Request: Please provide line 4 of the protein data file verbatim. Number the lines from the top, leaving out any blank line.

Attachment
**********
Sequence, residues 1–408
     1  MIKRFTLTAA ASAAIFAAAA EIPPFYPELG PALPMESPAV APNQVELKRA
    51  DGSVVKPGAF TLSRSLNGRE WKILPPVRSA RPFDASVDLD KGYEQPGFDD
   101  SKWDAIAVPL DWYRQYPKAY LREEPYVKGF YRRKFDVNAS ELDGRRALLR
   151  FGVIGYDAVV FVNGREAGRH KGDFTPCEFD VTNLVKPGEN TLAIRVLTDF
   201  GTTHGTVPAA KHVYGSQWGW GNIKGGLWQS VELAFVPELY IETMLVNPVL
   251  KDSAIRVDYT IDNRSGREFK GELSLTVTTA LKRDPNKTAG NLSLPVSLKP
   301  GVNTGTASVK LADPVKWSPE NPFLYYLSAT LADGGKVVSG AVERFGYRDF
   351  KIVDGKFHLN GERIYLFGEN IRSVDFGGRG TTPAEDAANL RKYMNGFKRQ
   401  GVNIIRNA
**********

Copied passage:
   101  SKWDAIAVPL DWYRQYPKAY LREEPYVKGF YRRKFDVNAS ELDGRRALLR